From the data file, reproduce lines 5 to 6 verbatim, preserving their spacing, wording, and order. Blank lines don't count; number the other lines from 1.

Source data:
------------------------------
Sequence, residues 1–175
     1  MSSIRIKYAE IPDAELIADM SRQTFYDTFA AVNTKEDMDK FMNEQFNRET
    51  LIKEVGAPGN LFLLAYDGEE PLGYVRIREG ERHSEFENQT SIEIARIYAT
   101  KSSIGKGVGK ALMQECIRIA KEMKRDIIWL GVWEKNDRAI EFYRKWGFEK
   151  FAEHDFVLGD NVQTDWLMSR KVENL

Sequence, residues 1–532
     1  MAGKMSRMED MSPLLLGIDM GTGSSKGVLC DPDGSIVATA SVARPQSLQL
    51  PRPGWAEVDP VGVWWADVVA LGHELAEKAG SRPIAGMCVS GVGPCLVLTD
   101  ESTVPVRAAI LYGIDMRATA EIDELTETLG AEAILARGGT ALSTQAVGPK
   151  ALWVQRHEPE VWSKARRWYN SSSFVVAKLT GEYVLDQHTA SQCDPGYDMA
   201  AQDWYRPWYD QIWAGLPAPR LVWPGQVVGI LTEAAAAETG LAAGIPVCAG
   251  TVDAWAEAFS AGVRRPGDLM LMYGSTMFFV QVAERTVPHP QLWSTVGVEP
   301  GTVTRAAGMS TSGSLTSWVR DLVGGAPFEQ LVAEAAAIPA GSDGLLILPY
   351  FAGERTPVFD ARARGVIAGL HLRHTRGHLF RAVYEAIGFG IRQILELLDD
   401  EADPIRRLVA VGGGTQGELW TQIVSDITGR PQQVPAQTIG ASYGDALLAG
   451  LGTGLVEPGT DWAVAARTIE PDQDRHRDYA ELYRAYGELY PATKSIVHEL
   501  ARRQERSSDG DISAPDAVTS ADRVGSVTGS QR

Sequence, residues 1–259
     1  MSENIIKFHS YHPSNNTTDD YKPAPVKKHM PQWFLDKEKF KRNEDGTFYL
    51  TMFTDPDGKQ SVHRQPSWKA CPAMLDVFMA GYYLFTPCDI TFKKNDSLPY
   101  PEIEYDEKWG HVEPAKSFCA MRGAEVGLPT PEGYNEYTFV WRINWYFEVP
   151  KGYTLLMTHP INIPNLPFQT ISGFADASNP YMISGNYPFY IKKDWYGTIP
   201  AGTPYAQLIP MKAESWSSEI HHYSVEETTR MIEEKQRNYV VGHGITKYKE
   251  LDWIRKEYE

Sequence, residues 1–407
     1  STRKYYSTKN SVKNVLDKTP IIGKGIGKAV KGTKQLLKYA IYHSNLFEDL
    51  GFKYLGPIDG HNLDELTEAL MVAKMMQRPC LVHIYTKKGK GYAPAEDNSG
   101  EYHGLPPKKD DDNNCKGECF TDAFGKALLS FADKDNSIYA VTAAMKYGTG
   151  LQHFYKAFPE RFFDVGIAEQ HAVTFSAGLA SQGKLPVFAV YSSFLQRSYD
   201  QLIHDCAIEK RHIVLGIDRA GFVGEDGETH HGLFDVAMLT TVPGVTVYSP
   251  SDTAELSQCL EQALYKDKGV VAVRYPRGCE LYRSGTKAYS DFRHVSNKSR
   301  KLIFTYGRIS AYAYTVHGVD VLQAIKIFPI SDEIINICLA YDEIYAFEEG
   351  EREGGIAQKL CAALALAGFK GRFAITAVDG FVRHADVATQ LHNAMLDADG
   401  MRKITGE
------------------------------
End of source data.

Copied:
   151  FAEHDFVLGD NVQTDWLMSR KVENL

Sequence, residues 1–532